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The Paw Print

From classrooms to credit scores: why a financial literacy course is essential

For an assignment in the PolyEnriched American Studies class, juniors were required to write and deliver a speech on a topic they are passionate about. The article below is an edited version of junior Bella Duncan’s speech.

When should you invest in a Roth IRA? What’s the difference between Perkins and Stafford loans? What are the different types of 529 plans? When should you deposit money into a CD versus a regular savings account? You would know the answers to all these questions if Poly offered a financial literacy course. I’m lucky enough to have a mom who taught me that learning financial literacy at a young age is like learning how to read. It’s difficult at times yet essential.

When I was 10, I would perch eagerly in front of the bright glare of a computer, my small hand scrolling steadily through personal finance courses on websites like Khan Academy. Terms like stocks and bonds, capital gains, assets, liability and amortization tangled and knotted together, thin pieces of thread woven chaotically into a ball of yarn spinning in my head. I inadvertently unlatched the lid of Pandora’s Box, filled to the brim with all these confusing terms, detailed laws and intricate plans my Lower School-self faced with a blank stare. I couldn’t process anything on my own.

School teaches you how to make money but not how to take care of it. We attend Poly with the hopes of one day having successful careers, but we will leave Poly with the fear of one day wasting our hard-earned dollars. We lean eagerly over our desks at school, scribbling notes with cramped hands, taking tests with tired minds and absorbing lectures with attentive ears for at least seven hours each day, taking all these classes to learn all these skills that we need for the future, a future that is dependent on financial literacy.

Managing money is a task everyone has to do. Saving is a task everyone has to do. Paying taxes is a task everyone has to do. If you end up making millions of dollars in your life yet lack basic financial skills, you’re at risk of losing even more money, and if you don’t earn as much, you still have to learn how to manage what you do have in order to survive. Hunching over a desk in five years, staring at a hefty credit card bill they didn’t pay off, worrying about debt and realizing they have little money in savings, Poly students will feel their lack of financial literacy.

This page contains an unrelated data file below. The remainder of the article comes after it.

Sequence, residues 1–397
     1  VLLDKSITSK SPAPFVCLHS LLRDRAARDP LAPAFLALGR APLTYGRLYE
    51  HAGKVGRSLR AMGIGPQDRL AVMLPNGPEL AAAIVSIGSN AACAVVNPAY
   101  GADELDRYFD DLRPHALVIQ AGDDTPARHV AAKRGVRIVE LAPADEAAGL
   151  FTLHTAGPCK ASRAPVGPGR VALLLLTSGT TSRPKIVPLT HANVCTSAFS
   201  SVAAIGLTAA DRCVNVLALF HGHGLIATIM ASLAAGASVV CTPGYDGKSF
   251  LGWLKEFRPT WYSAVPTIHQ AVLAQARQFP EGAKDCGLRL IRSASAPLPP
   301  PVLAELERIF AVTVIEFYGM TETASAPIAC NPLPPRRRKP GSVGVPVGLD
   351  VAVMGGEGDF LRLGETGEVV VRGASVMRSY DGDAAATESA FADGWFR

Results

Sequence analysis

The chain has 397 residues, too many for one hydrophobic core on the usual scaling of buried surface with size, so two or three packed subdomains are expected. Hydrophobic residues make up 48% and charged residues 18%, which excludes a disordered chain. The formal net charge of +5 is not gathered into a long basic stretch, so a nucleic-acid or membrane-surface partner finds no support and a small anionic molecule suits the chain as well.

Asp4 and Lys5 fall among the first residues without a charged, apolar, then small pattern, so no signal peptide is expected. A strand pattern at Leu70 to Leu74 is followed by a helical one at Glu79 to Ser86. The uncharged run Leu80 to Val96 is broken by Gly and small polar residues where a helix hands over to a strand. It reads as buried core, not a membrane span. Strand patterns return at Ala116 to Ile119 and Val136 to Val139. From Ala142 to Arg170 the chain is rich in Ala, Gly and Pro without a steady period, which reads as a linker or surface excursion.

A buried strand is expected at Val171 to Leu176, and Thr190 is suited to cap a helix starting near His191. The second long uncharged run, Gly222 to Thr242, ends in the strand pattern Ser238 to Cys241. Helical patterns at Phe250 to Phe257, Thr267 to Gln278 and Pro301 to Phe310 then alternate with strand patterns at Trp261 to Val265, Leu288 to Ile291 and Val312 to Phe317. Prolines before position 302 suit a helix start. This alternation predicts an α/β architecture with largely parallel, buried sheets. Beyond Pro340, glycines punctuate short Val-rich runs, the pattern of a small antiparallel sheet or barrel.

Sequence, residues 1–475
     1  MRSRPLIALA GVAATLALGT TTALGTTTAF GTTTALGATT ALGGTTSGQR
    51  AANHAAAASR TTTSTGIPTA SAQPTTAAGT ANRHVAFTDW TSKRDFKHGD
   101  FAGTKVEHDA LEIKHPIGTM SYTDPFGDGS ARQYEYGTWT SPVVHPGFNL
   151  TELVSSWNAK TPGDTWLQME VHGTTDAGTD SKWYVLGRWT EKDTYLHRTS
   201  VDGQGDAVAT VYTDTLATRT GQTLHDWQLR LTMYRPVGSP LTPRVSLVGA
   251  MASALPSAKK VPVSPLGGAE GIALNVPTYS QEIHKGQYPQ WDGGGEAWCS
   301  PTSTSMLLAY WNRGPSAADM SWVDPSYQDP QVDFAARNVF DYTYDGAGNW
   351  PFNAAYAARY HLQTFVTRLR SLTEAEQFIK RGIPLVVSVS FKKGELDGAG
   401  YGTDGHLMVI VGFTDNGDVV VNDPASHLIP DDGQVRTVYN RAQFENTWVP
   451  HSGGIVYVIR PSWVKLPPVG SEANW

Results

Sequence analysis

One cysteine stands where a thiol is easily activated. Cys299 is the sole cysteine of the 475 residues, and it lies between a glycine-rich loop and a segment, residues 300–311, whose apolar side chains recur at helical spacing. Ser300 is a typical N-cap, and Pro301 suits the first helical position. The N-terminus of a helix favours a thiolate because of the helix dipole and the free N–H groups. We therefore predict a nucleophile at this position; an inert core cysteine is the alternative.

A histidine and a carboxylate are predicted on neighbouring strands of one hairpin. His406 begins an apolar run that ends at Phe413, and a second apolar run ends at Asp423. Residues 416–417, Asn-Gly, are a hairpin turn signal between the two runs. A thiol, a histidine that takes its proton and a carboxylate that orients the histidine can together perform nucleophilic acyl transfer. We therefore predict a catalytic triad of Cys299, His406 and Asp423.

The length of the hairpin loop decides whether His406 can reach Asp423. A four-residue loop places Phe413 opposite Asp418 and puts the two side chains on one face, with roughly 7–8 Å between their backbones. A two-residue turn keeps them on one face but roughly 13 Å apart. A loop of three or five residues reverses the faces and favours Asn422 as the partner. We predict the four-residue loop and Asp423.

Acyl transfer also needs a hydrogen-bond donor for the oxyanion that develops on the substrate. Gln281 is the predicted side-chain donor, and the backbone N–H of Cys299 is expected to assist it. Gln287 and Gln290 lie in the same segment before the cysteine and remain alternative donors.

In 2022, financial illiteracy cost Americans more than 436 billion dollars, which means you could buy a Tesla for every single person in New York City and still have money left over. One of the largest transitions in terms of financial responsibility is college, which is just around the corner for all of us, which is what we have been preparing for all of high school, which is why it is vital we begin learning now. The average American has $30,000 of student loan debt, which tugs at your ankles and drags you down. And in college, you have to make so many more decisions about saving and spending money. When you step onto a college campus, credit card companies swarm around you like a pack of lions surrounding a helpless deer, persuading you with catchy phrases and benefits to sign up for their card.

We must invest in stocks and in the future of our students. Most Poly high school students don’t know how to do taxes or create a budget or obtain a loan or pay off a credit card, which are all basics of financial literacy. We are as prepared to handle money in the real world as a baby is equipped to recite Shakespeare. I’m a year away from graduating, and I, along with many of my peers, still don’t know anything about personal finance. We don’t need to become Wall Street, but we must learn at least the basics.

Finally, financial illiteracy, more common among lower-income Americans and people of color, is an issue of equity, and it contributes to the large wealth gap in our society. While Poly preaches diversity, equity and inclusion, the lack of a financial literacy class proves it does not practice these principles. The students who need financial education the most are left on the lowest steps as many students aren’t receiving finance lessons at home, and this practice is even less common among lower-income families. Currently, 15 states require a personal finance course in all public schools. We are behind other schools. We are behind on our DEI mission. We are behind on our duty as an institution to its students. Shouldn’t we live up to what we preach?

I recommend that Poly offer, similar to the Senior Seminar class, an elective second-semester senior year when students are leaving home, becoming adults and undertaking more responsibility. As a current junior, it’s imperative that if not this year, then next year, once a week, seniors should meet to learn how to manage loans, budget income, pay taxes, invest money, use a credit card, maintain a good credit score.

Despite the fact that past students have given this same speech, which has been happening for as long as my teachers can remember, and Human Development Department is willing to adapt its curriculum, nothing has changed. Poly must change. I spoke with Andy Yoong ‘23, who gave a similar speech, and he shared that he was unable to make any progress as he became busy during his senior year, yet why should one senior be responsible? They shouldn’t. Students shouldn’t teach Poly, Poly should teach its students. Please implement a personal finance course for the sake of us students.

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Bella Duncan, Staff Writer
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